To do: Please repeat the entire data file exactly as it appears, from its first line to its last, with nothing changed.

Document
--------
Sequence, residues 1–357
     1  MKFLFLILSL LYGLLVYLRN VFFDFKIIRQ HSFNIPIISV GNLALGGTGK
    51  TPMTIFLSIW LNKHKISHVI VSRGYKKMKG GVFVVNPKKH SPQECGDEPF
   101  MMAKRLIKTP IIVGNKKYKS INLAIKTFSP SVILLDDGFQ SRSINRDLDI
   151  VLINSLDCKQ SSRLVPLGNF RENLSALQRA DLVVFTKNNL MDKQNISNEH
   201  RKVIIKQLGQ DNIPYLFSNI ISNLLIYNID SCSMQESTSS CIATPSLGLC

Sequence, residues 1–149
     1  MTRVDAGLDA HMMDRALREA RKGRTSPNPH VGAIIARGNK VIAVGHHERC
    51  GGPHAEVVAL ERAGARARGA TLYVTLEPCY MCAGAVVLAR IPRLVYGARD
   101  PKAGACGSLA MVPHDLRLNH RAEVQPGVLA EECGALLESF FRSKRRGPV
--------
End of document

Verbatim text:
Sequence, residues 1–357
     1  MKFLFLILSL LYGLLVYLRN VFFDFKIIRQ HSFNIPIISV GNLALGGTGK
    51  TPMTIFLSIW LNKHKISHVI VSRGYKKMKG GVFVVNPKKH SPQECGDEPF
   101  MMAKRLIKTP IIVGNKKYKS INLAIKTFSP SVILLDDGFQ SRSINRDLDI
   151  VLINSLDCKQ SSRLVPLGNF RENLSALQRA DLVVFTKNNL MDKQNISNEH
   201  RKVIIKQLGQ DNIPYLFSNI ISNLLIYNID SCSMQESTSS CIATPSLGLC

Sequence, residues 1–149
     1  MTRVDAGLDA HMMDRALREA RKGRTSPNPH VGAIIARGNK VIAVGHHERC
    51  GGPHAEVVAL ERAGARARGA TLYVTLEPCY MCAGAVVLAR IPRLVYGARD
   101  PKAGACGSLA MVPHDLRLNH RAEVQPGVLA EECGALLESF FRSKRRGPV